A Journey through Texas: Or a Saddle-Trip on the Southwestern Frontier

Frederick Law Olmsted

Anno: 2004
Rilegatura: Paperback / softback
Pagine: 539 p.
Testo in English
Dimensioni: 203 x 135 mm
Peso: 590 gr.
  • EAN: 9780803286207
pagabile con 18App pagabile con Carta del Docente

Articolo acquistabile con 18App e Carta del Docente

€ 21,23

€ 22,58

Risparmi € 1,35 (6%)

Venduto e spedito da IBS

21 punti Premium

Disponibile in 10 gg

Quantità:
Descrizione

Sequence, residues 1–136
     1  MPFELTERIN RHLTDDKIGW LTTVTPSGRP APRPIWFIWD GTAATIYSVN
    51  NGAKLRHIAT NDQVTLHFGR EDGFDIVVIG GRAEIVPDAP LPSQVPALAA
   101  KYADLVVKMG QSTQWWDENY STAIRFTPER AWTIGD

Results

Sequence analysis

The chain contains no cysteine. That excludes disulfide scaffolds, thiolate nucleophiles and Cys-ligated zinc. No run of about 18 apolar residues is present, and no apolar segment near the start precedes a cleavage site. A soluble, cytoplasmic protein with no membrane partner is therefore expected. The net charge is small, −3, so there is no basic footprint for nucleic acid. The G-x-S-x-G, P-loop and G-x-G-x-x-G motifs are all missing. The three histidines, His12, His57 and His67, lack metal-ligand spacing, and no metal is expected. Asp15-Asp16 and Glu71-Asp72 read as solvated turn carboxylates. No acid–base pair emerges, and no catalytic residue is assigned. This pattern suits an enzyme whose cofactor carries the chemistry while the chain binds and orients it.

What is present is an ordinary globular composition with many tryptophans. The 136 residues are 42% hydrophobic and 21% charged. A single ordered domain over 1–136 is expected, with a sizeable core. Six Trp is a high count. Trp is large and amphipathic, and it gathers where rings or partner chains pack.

Before he became America's foremost landscape architect, Frederick Law Olmsted (1822-1903) was by turns a surveyor, merchant seaman, farmer, magazine publisher, and traveling newspaper correspondent. In 1856-57 he took a saddle trip through Texas to see the country and report on its lands and peoples. His description of the Lone Star State on the eve of the Civil War remains one of the best accounts of the American West ever published. Unvarnished by sentiment or myth making, based on firsthand observations, and backed with statistical research, Olmsted's narrative captures the manners, foods, entertainments, and conversations of the Texans, as well as their housing, agriculture, business, exotic animals, changeable weather, and the pervasive influence of slavery. Back and forth from the Sabine to the Rio Grande, through San Augustine, Nacogdoches, San Marcos, San Antonio, Neu-Braunfels, Fredericksburg, Lavaca, Indianola, Goliad, Castroville, La Grange, Houston, Harrisburg, and Beaumont, Olmsted rode and questioned and listened and reported. Texas was then already a multiethnic and multiracial state, where Americans, Germans, Mexicans, Africans, and Indians of numerous tribes mixed uneasily. Olmsted interviewed planters, scouts, innkeepers, bartenders, housewives, drovers, loafers, Indian chiefs, priests, runaway slaves, and emigrants and refugees from every part of the known world-most of whom had "gone to Texas" looking for a fresh start. He also observed the breathtaking arrival of spring on the prairie and the starry nights that seemed to prove the truth of the German saying "The sky seems nearer in Texas."